The force of this argument is seriously diminished, if not eliminated, by several considerations. The argument necessarily implies that the South Dakota scheme would be unobjectionable if sales in other States were totally barred. It therefore proves too much, for it would tolerate even a greater measure of protectionism and stifling of interstate commerce than the challenged system allows....

In its last argument, petitioner urges that, had South Dakota not acted, free market forces would have generated an appropriate level of supply at free market prices for all buyers in the region. Having replaced free market forces, South Dakota should be forced to replicate how the free market would have operated under prevailing conditions.

This argument appears to us to be simplistic and speculative. The very reason South Dakota built its plant was because the free market had failed adequately to supply the region with cement.  There is no indication, and no way to know, that private industry would have moved into petitioner's market area, and would have ensured a supply of cement to petitioner either prior to or during the 1978 construction season. Indeed, it is quite possible that petitioner would never have existed - far less operated successfully for 20 years - had it not been for South Dakota cement.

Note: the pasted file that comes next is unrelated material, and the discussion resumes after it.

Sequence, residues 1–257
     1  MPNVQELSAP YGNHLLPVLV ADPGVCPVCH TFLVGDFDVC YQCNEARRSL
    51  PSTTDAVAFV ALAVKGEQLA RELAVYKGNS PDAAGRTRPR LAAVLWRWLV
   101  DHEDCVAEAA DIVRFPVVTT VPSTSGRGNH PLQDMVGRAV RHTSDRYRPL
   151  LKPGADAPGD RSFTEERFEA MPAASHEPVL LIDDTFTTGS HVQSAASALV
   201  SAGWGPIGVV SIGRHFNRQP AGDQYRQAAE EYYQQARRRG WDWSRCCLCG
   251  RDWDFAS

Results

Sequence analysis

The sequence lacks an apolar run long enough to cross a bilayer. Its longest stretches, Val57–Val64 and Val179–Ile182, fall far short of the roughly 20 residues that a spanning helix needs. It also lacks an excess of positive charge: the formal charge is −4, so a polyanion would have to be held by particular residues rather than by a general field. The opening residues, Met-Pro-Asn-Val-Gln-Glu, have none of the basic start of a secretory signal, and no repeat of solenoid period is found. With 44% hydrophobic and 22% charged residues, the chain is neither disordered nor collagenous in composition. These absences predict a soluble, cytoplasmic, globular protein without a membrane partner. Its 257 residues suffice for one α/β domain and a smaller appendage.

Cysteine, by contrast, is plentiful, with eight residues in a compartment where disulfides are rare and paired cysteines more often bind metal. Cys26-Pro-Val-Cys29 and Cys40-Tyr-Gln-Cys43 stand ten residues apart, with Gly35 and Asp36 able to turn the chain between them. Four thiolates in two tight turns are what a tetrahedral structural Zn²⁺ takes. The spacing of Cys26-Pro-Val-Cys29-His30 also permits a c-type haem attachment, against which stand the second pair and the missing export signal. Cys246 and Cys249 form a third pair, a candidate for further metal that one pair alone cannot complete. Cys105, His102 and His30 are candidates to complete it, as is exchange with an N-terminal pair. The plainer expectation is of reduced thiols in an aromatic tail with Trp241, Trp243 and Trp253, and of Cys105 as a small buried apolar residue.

We conclude, then, that the arguments for invalidating South Dakota's resident-preference program are weak at best. Whatever residual force inheres in them is more than offset by countervailing considerations of policy and fairness. Reversal would discourage similar state projects, even though this project demonstrably has served the needs of state residents and has helped the entire region for more than a half century. Reversal also would rob South Dakota of the intended benefit of its foresight, risk, and industry.


The South Dakota Cement Commission has ordered that in times of shortage the state cement plant must turn away out-of-state customers until all orders from South Dakotans are filled. This policy represents precisely the kind of economic protectionism that the Commerce Clause was intended to prevent. The Court, however, finds no violation of the Commerce Clause, solely because the State produces the cement. I agree with the Court that the State of South Dakota may provide cement for its public needs without violating the Commerce Clause. But I cannot agree that South Dakota may withhold its cement from interstate commerce in order to benefit private citizens and business within the State....

Exploring Constitutional Conflicts